On Saturday 5th November, members of the Thomson Ecology team headed down to West Wittering beach in Sussex to take part in a beach clean on behalf of the environmental charity, Surfers Against Sewage (SAS).
Marine litter kills 100,000 marine mammals and a million sea birds each year. Earlier this week, the BBC reported that plastic pollution gives off a smell
similar to rotting seaweed, which attracts foraging birds, tricking them into swallowing the plastic. Two thirds of all beach litter is plastic, with 5.25 trillion pieces of plastic debris estimated to be in our oceans.
The Thomson volunteers spent the day collecting rubbish from the beach – an area of coastland which is famed for its long stretches of golden sand dunes.
The team reported that they found a variety of plastic debris, which is unfortunately something that the Thomson lab are used to seeing, because as
well as carrying out fish, freshwater invertebrate, marine macroinvertebrate, and particle size analysis, the Thomson Unicomarine lab also assess plastics
in water samples, to determine how many fragments the water samples contain and what they are.
The water samples that we see often contain microplastics. Over 680 tonnes of microbeads are used in the UK every year, and due
to recent rising pressure from the public, scientists and MPs, the UK government has recently announced plans to ban microbeads used in cosmetics and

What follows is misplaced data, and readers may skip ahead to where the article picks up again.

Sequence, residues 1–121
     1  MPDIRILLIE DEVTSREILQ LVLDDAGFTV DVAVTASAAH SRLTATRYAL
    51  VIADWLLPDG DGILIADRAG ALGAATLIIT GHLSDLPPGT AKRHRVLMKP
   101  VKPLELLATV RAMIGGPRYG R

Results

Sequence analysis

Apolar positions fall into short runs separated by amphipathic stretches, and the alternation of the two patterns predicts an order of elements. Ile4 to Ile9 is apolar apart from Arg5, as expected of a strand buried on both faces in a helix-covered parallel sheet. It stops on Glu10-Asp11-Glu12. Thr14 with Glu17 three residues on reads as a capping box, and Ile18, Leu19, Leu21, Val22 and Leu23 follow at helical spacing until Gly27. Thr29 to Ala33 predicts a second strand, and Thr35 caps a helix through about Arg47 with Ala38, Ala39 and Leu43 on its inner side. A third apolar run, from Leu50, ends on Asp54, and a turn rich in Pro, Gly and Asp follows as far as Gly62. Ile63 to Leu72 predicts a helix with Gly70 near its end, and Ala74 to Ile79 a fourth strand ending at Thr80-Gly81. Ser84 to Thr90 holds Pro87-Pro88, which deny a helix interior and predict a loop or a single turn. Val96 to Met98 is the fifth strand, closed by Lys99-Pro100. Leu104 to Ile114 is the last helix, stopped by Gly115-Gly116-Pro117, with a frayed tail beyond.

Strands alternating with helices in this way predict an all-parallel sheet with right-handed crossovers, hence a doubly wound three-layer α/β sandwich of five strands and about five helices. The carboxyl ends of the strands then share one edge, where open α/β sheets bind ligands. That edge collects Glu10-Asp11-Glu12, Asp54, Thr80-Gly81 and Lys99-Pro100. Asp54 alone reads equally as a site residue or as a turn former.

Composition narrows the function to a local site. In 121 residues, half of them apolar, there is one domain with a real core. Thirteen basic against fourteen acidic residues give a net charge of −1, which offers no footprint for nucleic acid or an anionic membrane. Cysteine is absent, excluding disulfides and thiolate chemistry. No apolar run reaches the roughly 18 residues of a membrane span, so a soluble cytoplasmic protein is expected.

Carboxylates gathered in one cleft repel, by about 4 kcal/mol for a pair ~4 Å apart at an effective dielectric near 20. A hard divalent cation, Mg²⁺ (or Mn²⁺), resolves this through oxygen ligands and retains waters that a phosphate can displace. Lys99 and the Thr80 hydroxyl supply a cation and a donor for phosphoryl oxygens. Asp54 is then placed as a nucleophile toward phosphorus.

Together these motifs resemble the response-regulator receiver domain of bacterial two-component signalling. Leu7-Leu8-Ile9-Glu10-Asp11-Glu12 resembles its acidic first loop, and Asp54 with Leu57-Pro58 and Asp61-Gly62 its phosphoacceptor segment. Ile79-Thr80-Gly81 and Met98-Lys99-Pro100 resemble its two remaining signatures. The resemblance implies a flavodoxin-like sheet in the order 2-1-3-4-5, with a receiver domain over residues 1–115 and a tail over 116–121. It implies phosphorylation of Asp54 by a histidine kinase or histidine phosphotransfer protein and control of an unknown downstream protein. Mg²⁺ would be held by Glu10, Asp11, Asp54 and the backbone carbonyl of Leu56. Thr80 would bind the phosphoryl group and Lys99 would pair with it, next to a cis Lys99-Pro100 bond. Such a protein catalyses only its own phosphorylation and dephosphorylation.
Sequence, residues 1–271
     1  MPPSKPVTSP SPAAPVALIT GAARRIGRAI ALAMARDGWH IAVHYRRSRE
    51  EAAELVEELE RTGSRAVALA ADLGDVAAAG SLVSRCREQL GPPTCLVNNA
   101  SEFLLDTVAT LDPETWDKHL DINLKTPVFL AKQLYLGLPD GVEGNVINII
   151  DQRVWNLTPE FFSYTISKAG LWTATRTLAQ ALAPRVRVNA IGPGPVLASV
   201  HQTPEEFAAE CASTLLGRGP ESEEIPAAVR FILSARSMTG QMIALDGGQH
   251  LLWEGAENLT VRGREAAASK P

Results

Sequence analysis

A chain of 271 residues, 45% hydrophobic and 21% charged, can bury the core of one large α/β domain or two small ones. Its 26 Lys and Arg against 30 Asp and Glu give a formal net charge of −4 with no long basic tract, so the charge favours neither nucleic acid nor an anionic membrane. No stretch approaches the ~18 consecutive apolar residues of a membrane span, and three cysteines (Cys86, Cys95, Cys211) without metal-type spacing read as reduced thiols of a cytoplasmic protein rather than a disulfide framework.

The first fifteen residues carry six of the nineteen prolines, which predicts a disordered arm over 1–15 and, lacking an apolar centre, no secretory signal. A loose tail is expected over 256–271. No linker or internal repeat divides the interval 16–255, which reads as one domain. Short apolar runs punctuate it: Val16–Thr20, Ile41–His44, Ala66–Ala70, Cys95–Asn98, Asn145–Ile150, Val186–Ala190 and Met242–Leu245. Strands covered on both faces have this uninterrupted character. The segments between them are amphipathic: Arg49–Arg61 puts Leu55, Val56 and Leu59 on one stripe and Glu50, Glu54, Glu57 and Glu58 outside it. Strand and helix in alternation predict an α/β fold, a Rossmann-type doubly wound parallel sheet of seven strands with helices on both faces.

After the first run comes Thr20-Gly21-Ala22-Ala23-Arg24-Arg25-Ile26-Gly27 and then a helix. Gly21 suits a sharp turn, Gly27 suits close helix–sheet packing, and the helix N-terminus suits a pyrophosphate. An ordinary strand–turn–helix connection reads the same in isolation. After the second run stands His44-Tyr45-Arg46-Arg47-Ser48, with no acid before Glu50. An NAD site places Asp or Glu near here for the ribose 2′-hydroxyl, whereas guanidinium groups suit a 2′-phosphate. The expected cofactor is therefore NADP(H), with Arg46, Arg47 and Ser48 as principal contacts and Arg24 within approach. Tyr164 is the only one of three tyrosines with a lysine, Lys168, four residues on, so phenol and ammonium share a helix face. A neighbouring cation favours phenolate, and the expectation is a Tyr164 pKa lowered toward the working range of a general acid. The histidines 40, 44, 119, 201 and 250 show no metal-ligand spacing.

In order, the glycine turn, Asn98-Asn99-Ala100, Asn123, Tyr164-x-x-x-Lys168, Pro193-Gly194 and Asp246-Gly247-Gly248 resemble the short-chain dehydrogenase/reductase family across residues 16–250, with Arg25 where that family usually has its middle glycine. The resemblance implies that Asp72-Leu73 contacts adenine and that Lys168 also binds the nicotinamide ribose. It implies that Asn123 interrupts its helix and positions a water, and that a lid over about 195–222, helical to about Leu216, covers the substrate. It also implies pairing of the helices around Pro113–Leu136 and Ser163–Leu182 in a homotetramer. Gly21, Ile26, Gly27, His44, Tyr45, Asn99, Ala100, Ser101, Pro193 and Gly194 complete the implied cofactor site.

cleaning products by 2017.
Our beach team also found a large number of plastic cotton bud stems washed up on the beach. Water companies urge people not to flush cotton buds, but
still hundreds of thousands are flushed away from Britain’s bathrooms each week, and now the plastic stems are making their way to our seas and shoreline.
This increase has resulted in various groups campaigning for manufacturers to switch the plastic stem to a paper one. The message seems to have been heard, as, earlier this year, Johnson & Johnson announced that it planned to “end production of all plastic stick cotton buds by the end of the year”
and replace them with paper sticks. Waitrose also recently announced its plan to end the use of plastic stems by the end of this year.
Tom Offin, Thomson Ecology’s Senior Operations Assistant, said, “The beach clean was an enjoyable and worthwhile day. But despite having fun with the rest
of the team in the beautiful surroundings of West Wittering, it was sad to see how much rubbish gets washed up on UK beaches. We were glad to do our
bit, but hope that more can be done to reduce plastic and rubbish making its way to our oceans and washing up on our beaches.”
Surfers Against Sewage target coastal environmental issues including marine litter, sewage pollution, climate change, toxic chemicals, shipping, industry
and coastal development. They undertake and promote the conservation, protection, improvement and ecologically sustainable management of the marine
environment. For more information on Surfers Against Sewage, click here.